Monday, August 17, 2015

"Pass the Salt." Corrie ten Boom on Gossip

In her excellent little devotional, Not Good If Detached, Corrie ten Boom has a chapter dedicated to resisting gossip.

It starts with this epigraph:

"It is just as bad to be drunk with gossiping as with liquor. Gossip is the most insidious of all the compensations for an inferiority complex. It is not only a sin—it is paranoid."

Then as the chapter progresses, ten Boom tells the story of how a group of students at a Summer camp learned together how dangerous and destructive gossip could be and strategized on practical ways how they could resist it:
I tell them how years ago in a girls’ summer camp the atmosphere was almost spoiled by the campers because of their negative talking about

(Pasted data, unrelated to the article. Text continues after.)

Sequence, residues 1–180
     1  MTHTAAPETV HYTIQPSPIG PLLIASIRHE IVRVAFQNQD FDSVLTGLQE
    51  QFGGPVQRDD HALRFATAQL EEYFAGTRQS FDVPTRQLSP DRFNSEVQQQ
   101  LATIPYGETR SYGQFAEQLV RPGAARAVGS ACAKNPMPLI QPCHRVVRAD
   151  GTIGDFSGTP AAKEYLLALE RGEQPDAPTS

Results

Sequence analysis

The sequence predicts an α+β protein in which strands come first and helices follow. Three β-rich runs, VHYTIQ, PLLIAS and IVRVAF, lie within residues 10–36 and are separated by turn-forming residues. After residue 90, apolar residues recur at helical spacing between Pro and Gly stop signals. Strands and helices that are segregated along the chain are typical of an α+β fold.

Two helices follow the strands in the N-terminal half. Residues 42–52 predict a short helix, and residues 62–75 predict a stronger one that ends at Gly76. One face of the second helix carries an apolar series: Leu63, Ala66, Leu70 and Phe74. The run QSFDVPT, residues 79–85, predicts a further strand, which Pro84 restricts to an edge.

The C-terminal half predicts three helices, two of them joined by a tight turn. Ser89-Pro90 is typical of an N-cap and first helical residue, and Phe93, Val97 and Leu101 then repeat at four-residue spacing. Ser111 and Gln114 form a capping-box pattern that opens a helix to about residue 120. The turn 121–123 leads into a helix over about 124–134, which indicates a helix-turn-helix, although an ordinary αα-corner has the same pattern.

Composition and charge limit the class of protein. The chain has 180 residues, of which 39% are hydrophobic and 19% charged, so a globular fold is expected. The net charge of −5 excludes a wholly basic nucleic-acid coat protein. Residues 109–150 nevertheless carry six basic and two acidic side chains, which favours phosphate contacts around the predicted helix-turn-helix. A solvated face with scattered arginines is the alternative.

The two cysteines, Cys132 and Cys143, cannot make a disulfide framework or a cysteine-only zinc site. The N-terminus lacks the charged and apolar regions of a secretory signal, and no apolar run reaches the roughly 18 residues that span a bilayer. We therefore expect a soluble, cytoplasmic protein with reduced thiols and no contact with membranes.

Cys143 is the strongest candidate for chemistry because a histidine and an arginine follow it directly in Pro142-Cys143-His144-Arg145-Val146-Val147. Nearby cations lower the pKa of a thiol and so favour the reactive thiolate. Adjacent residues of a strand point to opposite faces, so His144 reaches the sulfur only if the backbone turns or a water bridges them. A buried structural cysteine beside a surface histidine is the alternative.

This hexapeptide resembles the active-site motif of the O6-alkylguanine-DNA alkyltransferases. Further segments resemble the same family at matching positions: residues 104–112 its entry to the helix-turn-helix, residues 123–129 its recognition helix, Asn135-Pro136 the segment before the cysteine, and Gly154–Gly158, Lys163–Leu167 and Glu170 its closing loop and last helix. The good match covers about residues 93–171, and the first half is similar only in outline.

each other. So we made a camp rule that before saying something
negative we had to mention ten virtues of the person concerned. Sometimes it was impossible to find ten virtues, and so the negative thing could not be told. In the event of being able to find ten virtues, we would be so impressed at having done so that it seemed a pity to mention the negative at all!
One student tells us that in her campus, if anyone gossiped during meals, someone would say, “Pass the salt.” That was the code words to warn people that gossip was abroad. This idea is very simple and practical.
I like that--"pass the salt." Not to exclude people but to have a community-level agreement to lead conversations into loving territory.


Note: Not Good If Detached is published by CLC Publications, the publisher of Resisting Gossip.